Posted: November 7th, 2022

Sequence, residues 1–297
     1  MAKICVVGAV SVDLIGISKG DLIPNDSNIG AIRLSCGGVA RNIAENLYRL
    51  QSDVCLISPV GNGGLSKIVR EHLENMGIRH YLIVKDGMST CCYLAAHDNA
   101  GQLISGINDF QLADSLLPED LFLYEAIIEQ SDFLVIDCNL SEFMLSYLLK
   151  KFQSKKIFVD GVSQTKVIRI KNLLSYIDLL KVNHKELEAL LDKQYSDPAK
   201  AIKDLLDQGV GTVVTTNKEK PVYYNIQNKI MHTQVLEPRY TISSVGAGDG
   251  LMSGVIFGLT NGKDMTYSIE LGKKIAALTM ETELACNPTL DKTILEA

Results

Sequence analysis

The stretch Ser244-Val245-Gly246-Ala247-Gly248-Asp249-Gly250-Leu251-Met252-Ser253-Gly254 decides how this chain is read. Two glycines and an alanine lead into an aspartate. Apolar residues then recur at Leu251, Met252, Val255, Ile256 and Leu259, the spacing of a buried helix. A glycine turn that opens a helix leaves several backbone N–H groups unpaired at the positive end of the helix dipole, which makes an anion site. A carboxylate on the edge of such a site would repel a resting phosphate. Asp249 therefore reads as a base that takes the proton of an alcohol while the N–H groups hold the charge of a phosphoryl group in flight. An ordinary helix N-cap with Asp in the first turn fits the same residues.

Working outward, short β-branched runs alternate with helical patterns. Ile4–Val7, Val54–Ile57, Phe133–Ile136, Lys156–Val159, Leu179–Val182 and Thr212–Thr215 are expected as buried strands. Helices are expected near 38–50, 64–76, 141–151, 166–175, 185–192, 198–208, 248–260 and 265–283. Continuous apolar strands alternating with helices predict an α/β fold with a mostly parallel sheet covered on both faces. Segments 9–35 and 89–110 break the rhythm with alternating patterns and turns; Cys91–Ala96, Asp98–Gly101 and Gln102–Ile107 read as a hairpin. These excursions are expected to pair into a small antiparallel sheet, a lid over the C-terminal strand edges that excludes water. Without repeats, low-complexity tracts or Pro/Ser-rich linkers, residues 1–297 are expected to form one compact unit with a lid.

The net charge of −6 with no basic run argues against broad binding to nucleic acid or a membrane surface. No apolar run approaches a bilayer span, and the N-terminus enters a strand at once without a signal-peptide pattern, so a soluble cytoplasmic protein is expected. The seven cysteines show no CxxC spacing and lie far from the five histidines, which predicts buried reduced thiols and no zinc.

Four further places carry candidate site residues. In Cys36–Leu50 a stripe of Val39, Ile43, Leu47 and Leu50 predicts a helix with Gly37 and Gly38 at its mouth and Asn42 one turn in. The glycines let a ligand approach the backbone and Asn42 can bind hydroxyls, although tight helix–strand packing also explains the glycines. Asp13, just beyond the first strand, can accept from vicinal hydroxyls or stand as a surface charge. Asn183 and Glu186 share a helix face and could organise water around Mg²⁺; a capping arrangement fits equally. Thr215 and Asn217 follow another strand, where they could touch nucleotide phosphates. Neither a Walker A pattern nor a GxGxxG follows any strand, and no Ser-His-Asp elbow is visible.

Linda Stevens, LPN, works on a medical floor at the local hospital. One of the patients she has been assigned to take care of is Frank Gibbons, a 72-year-old newly diagnosed with diabetes (a condition in which the body does not produce enough insulin to control blood sugar levels). Part of Linda’s process of preparing to care for her patients is to review the patients’ charts for any new physician orders. She notes that Dr. Romero was in the previous evening and ordered the patient’s blood sugar to be checked at 8 a.m. According to the results, insulin is to be given. (The higher the level of blood sugar, the greater the amount of insulin that is given, based on a formula defined by the physician.) Linda is a “thinking nurse” and starts to question if this is an appropriate order. She realizes that breakfast trays arrive at 7:30 a.m. on her floor and that Mr. Gibbons will already have eaten when she checks his insulin level at 8 a.m. She knows that after eating, a person’s blood sugar normally increases for a few hours. This is why blood sugar tests are usually ordered when the patient has not eaten for a number of hours. Linda reasons that if she calculates the amount of insulin based on the temporarily elevated blood sugar levels, Mr. Gibbons will receive too much insulin and may have a negative reaction. Linda calls Dr. Romero to clarify the order. Dr. Romero states that he believed the breakfast trays did not arrive until 8:30 a.m. He thanks Linda for catching the error and changes the order.
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